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The “Good Girl” Syndrome

The “Good Girl” Syndrome

More From Lynn

In this video

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Povich picks apart the "syndrome" of living life by trying to be a "good girl."

Lynn's Biography

Hero she’s never met: Marian Wright Edelman
Childhood dream: To become a ballerina
Family Business: Povich’s father, Shirley Povich, was a renowned sportswriter for the Washington Post.
Cause of Choice: International Women's Media Foundation

Lynn Povich is an award-winning journalist and women’s rights pioneer. In 1970, she helped organize a landmark sex discrimination suit against Newsweek, and in 1975, became the first female senior editor in the magazine’s history.
 
After graduating from Vassar in 1965, Povich began her career as a secretary in the Paris Bureau of Newsweek. She rose to become a reporter and writer in the New York office, at a time when almost all of the writers and editors were men and all of the fact checkers, researchers, and secretaries were women. In 1970, she joined with 45 other women to sue the magazine for sex discrimination, announcing the suit the very day Newsweek published a cover story on the women’s movement, “Women in Revolt.” The lawsuit and the publicity it created were a major first step toward gender equality in the media business. The magazine promised to hire and promote more women and within five years Povich became the first female senior editor in the history of the magazine. In 2012, she published “The Good Girls Revolt,” which chronicles the landmark Newsweek suit and how much has--and hasn't changed since.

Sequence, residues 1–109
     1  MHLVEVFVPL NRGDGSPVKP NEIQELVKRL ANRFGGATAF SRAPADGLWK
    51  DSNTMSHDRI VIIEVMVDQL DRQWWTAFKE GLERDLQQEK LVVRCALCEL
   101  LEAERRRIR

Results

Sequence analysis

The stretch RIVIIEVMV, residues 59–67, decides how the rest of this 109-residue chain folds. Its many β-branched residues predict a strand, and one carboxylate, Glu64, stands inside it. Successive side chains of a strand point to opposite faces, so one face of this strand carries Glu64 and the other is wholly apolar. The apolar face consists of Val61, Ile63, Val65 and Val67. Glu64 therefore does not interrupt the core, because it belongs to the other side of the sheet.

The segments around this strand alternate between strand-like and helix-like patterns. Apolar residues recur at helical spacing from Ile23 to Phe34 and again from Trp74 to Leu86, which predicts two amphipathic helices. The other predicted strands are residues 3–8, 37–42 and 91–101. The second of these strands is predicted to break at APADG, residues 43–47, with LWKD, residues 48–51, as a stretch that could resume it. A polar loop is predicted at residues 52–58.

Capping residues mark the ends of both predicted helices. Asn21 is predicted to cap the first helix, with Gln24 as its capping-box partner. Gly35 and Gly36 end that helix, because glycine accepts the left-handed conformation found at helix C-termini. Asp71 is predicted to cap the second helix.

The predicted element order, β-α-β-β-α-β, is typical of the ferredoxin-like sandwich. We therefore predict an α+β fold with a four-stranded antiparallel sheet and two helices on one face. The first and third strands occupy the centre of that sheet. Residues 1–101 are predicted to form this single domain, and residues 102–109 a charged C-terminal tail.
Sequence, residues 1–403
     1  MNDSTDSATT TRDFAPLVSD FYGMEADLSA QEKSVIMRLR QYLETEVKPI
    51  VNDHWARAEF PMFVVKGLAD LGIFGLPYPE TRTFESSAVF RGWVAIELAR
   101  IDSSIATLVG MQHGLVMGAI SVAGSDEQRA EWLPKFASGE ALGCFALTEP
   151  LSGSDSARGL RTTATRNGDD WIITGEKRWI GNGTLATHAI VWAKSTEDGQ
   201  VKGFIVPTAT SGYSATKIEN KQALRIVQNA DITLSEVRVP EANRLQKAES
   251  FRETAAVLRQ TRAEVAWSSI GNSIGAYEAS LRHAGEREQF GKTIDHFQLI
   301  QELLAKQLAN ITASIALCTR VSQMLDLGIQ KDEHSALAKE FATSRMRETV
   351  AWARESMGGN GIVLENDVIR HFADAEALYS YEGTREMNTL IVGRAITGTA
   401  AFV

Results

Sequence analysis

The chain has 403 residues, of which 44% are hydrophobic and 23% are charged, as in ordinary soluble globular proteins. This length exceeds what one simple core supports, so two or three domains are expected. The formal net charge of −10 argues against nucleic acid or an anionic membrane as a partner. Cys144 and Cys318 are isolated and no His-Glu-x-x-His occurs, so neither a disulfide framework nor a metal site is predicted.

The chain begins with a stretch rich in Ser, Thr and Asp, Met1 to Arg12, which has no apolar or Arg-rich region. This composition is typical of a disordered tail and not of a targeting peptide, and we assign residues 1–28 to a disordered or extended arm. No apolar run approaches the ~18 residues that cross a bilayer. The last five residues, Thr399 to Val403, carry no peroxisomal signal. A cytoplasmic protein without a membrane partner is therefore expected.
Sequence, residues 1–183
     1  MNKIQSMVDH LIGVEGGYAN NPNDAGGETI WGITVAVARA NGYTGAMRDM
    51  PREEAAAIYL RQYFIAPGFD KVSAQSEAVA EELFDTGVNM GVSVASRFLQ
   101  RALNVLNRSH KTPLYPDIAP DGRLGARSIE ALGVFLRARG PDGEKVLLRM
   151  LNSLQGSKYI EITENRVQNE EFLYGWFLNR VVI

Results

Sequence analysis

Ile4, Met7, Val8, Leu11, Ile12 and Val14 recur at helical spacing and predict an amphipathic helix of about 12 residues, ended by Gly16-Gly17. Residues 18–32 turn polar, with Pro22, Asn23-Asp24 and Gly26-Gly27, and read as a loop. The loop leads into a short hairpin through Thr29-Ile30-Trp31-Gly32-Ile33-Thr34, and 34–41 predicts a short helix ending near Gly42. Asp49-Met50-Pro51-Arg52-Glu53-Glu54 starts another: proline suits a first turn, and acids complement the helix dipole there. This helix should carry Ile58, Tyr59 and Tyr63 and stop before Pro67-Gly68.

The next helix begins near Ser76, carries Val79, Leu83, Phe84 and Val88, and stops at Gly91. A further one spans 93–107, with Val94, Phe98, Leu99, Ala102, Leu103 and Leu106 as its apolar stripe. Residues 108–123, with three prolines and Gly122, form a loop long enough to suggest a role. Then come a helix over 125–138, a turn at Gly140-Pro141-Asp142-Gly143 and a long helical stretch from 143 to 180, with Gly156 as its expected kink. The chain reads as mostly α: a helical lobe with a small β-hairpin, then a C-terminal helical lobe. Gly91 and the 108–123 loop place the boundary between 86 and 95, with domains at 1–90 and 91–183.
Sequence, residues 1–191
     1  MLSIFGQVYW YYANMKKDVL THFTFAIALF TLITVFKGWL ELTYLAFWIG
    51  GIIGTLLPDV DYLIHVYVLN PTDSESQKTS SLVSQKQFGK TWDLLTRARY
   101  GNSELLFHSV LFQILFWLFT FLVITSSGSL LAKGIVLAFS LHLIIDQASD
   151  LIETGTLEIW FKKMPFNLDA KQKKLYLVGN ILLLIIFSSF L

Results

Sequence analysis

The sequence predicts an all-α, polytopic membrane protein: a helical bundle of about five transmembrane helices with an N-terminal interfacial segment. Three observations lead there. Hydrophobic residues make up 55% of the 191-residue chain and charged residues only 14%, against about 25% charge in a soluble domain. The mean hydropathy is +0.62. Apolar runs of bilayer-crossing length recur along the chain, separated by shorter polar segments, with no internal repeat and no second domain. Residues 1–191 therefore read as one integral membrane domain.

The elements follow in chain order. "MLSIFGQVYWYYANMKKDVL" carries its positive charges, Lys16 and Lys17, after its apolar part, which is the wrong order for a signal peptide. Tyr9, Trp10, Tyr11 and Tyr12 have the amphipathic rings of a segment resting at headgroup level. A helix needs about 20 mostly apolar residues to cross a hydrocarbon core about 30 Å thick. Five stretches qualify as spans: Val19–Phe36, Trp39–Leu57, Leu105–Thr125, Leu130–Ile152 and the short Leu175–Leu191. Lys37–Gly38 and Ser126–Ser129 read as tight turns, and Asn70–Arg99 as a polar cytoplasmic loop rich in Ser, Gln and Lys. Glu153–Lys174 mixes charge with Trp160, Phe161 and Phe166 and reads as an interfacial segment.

Povich stepped down from her senior editor position in 1980 in order to work part time while raising her children. She left Newsweek in 1991, to become Editor-in-Chief of Working Woman, which she turned into the only national business magazine for women. Most recently she was managing editor/senior executive producer of East Coast programming at MSNBC.com. She is a recipient of the Matrix Award for Magazines and serves on the Advisory Boards of the International Women's Media Foundation and the Women's Rights Division of Human Rights Watch.

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